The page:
Your Path to Pregnancy is an interview series highlighting conception stories from real couples, brought to you by BeliMen Vitality.
Thank you for chatting with us, Chery! You’ve been through such an inspiring journey to parenthood, and built a really beautiful community around fertility support. The Beli community is also made up of folks walking a unique path to pregnancy and parenthood.
For folks who are meeting you for the first time, what’s your story?
First off, thank you for this wonderful opportunity to help raise awareness about different paths to parenthood. My name’s Cheryl Dowling and I’m the founder of The IVF Warrior.
My journey to motherhood wasn't exactly easy. I have both PCOS and endometriosis, so I knew becoming a mom would have its challenges, but I never imagined it would be as hard as it ended up being. There were multiple laparoscopy surgeries over the years, a bilateral salpingectomy, and a surgery to reshape my uterus. From my early to late 20’s, my husband and I ended up going through 9 rounds of IVF, 3 losses, and many failed cycles before completing our family.
Experiencing infertility was completely life altering. The mental and physical stress you experience is unreal. I decided near the end of my journey to launch The IVF Warrior community with hope that by using my counseling background and personal infertility journey, I could create a platform for others to feel supported, empowered, and more educated during their path to parenthood.
When did you decide you wanted to be a parent?
I think like many women out there, I always knew I wanted to be a mom. It started at a young age playing with baby dolls, but as I became an adult and met my husband, I knew in my heart that becoming a parent was something I not only wanted to do, but needed to do. There was an intense emptiness that filled me while experiencing infertility. I knew that wouldn’t go away until we grew our family.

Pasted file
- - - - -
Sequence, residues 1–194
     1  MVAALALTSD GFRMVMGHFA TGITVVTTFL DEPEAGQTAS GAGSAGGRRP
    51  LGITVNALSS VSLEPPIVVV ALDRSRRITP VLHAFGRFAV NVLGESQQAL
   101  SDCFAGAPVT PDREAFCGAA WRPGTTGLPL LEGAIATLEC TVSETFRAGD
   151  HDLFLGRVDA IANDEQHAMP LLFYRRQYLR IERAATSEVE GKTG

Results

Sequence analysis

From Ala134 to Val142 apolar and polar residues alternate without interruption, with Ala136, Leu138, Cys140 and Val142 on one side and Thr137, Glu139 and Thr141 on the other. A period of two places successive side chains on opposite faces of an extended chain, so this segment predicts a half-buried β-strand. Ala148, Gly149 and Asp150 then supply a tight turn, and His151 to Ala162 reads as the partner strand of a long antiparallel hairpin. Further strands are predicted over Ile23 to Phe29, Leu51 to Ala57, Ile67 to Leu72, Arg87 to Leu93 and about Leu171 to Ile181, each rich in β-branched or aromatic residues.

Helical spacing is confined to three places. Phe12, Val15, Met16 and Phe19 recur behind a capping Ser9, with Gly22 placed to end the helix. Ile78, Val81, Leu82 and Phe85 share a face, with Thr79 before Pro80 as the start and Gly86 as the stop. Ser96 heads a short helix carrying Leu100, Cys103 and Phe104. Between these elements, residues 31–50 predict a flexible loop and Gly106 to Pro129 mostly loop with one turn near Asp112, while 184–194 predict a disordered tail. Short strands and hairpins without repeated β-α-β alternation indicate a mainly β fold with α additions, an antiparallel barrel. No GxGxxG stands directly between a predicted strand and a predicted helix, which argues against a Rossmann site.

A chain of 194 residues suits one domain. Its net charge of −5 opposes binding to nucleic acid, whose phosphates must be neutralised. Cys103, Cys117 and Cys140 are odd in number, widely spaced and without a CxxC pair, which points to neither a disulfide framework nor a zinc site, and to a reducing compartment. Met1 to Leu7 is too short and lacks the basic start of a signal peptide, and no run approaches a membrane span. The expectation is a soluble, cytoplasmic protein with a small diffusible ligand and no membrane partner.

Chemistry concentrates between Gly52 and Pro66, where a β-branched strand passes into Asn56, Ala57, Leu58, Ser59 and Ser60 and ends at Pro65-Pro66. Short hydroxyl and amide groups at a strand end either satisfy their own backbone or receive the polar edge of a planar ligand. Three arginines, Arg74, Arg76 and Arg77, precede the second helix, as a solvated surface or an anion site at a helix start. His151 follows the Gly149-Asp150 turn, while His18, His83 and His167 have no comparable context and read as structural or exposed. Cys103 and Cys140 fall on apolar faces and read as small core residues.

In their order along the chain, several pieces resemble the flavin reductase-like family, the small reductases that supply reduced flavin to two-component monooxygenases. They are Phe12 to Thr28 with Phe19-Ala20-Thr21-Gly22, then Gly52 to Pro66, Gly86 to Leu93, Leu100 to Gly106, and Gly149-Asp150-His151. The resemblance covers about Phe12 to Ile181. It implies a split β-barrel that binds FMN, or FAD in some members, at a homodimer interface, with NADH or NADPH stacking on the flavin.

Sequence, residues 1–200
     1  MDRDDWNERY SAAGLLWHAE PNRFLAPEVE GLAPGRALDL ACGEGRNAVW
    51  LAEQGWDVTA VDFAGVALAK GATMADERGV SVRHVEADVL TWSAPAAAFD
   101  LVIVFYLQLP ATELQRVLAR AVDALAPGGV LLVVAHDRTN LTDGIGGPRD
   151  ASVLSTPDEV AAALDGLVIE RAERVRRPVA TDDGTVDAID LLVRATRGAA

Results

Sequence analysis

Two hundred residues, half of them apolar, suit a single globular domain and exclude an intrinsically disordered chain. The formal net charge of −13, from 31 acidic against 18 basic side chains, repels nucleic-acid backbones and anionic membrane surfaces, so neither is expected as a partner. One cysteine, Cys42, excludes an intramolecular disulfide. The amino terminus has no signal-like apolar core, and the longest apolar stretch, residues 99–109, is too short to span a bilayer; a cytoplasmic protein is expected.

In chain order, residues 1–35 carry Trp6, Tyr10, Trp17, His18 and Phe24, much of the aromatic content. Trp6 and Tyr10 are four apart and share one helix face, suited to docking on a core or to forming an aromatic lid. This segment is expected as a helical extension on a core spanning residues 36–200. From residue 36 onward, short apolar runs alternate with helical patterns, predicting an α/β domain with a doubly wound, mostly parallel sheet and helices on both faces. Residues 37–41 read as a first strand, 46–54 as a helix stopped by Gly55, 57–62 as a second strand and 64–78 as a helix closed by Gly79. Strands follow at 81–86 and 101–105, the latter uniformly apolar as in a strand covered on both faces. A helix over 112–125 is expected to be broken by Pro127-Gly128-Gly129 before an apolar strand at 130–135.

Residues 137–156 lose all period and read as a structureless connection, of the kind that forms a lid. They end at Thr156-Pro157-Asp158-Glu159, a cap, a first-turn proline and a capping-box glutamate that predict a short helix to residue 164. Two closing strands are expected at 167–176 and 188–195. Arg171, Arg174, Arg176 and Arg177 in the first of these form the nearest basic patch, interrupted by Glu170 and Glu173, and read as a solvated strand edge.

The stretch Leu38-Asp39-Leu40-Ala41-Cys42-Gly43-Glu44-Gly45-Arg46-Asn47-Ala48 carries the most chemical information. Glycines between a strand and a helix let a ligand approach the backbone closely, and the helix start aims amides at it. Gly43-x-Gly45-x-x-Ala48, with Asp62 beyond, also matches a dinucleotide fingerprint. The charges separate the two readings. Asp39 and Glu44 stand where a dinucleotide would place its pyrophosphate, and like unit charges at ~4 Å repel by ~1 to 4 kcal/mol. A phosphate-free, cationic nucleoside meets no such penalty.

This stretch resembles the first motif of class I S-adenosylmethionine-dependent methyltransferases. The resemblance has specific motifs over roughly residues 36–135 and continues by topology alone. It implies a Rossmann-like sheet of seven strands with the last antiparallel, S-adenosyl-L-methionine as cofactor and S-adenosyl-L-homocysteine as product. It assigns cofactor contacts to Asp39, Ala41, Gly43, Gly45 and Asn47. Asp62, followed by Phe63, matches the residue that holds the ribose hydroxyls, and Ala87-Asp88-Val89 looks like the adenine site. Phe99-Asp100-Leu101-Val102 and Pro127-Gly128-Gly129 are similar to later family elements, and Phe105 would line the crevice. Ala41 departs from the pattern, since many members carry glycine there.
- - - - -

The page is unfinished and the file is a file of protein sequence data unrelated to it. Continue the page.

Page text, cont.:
Did anything surprise you about becoming a parent?
Parenthood is full of surprises! One major lesson has been: there’s only so much you can plan for. Being a parent of three I can say without a doubt, nothing can prepare you for parenthood.
You can read all the books and take all of the classes, but it is 100% a learn as you go situation.
Realizing this helped take some of the pressure off. I feel like a lot of first-time parents try to be perfect and often compare to other parents, but perfect parents don’t exist. Once you realize this, it makes this new chapter much easier. The fact is, we all make mistakes. I’ve learned that it’s reflecting on the lessons as you go, and trying to learn from them, that makes you a good parent.
It seems like there’s a lot of misinformation and pseudoscience out there surrounding infertility.
Absolutely. You see it every day. I try to remind people that just because someone else is doing something, doesn’t mean you should be doing it too. Everybody is different and unique, e.g. different medical conditions, different nutrient deficiencies, different circumstances.
Are there misconceptions or misguided advice about fertility that you think gets in the way?
There are a lot of different opinions on infertility out there based on either pure ignorance, beliefs,and personal experiences. But just because a friend of a friend tried something and it worked, doesn’t mean it’s the cure-all for infertility.